toe bed is slightly wider therefore there seemed to be less wedging of the
toes. The insoles came with the medium arch support as a default so I went
for my first ride with them. After a two hour ride, I did develop some
forefoot hot spots and notice that my midfoot arch was not supported enough.
The next ride I switched the arch support wedges from medium to high and
noticed the difference right away. The wedges seemed like it wasn¹t just a
marketing ploy, but it did change my biomechanics by supporting my pes
planus and providing slight rearfoot varus. The next time I wore the
shoes, I raced the local Tuesday night race, and it was a long race so it
was a good test for shoes¹ performance. Simply put, it felt great with no
hot spots or cramping. Considering it was my second time out, this bolds
well for my communion with the shoes.

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The buckle system is a very simple functioning ratchet system seen in the
majority of cycling shoes. You lift one side to pull the plastic strap and
tighten the shoe, then you push the other side to release. I can only
surmise that once mud gets into the mechanism, it will prevent proper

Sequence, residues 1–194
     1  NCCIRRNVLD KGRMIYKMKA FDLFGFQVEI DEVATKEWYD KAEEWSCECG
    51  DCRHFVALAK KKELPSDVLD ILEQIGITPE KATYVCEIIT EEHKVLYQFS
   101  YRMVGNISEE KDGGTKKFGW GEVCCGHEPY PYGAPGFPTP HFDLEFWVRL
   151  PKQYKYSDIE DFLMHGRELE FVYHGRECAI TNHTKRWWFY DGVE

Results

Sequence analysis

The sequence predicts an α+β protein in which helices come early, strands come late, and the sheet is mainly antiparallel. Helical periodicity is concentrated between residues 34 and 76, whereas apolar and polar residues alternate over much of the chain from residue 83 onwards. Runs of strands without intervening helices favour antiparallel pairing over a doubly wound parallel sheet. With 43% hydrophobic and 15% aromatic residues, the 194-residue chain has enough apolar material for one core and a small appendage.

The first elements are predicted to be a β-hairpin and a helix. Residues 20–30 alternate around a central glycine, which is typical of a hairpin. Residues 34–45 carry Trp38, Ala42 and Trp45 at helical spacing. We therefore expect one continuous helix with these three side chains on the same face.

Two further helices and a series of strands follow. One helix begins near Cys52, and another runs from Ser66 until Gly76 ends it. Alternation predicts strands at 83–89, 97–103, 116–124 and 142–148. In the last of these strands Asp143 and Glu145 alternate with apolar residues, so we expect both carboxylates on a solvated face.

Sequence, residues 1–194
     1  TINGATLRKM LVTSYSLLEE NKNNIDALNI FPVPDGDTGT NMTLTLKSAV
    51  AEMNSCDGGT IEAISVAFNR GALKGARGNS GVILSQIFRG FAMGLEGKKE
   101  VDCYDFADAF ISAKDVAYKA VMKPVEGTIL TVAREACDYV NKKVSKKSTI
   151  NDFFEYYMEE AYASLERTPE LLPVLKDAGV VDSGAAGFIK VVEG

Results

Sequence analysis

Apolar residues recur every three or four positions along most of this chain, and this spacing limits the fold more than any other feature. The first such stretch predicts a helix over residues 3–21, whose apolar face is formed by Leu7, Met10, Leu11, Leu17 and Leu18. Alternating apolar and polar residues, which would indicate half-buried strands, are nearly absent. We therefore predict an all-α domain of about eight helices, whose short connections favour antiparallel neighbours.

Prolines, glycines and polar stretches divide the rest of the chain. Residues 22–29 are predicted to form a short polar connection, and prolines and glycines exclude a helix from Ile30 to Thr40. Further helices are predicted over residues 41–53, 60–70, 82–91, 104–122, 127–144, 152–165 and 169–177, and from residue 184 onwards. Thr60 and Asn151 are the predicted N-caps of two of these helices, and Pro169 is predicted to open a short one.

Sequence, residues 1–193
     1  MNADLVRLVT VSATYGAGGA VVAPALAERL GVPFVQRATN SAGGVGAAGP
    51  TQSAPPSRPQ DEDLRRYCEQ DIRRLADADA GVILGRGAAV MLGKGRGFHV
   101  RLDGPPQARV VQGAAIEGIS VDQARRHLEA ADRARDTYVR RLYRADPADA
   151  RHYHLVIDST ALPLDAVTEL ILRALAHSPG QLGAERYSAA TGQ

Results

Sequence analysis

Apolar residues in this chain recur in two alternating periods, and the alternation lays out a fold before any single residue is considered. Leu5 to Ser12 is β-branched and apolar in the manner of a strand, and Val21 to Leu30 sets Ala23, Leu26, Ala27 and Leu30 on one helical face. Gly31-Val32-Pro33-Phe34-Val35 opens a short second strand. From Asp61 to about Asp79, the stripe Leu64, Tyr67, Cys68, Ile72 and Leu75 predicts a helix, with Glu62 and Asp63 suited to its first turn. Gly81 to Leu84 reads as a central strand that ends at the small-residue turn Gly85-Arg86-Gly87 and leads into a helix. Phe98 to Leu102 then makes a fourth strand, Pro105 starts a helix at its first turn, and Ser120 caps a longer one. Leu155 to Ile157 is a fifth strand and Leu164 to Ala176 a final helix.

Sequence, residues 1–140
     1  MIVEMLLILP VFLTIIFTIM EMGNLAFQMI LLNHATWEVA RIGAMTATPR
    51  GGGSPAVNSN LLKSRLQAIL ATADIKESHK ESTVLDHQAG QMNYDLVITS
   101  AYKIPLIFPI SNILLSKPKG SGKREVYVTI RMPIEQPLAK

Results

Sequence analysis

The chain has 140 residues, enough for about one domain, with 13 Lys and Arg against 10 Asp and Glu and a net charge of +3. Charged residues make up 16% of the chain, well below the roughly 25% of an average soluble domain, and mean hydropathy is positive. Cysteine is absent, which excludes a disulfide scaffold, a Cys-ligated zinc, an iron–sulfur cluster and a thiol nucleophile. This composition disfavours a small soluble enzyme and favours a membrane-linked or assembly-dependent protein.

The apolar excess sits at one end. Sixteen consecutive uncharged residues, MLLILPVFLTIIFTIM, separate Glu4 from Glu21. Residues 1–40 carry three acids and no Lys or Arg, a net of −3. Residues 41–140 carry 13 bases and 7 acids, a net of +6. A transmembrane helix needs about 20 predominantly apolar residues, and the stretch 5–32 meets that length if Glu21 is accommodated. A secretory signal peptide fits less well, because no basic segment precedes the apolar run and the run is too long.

release just like the Dominators, but we can only wait and see.

I would have thought that Giro would have heeded to the Velcro complains and
developed a better system. But at first glace, it seems like they didn¹t
address the issue at all. Perhaps the most obvious difference is that the
Velcro strap loops at the top of the foot instead of the more medial loop
that was in the Dominators. The most concerning issue is the design of the
transition of hook side to the loop side of the Velcro strap. The hook side
stops far too early, and so when you pull the strap and push down the end,
there is not a lot of actual hook and loop surface contact. Most of the
contact is the loop to loop, therefore not contributing to the hold at all.
It seems like an obvious design flaw because if Giro would have just
lengthened the hook side just another centimeter, there would be double the
functional contact. This would have perhaps increased the lifespan of the
Velcro straps. Now, it may never be an issue and the Velcro straps may
always hold, but I think a simple change would drastically prevent the
Velcro strap from being nonfunctional in the future.

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Despite some minor and perhaps prognosticating issues, my initial response
from the Giro Code shoes have been very positive as they feel comfortable
and transfer power effectively to the pedals. With two races done, I hope
to race many more and look resplendent in them in an 80¹s way.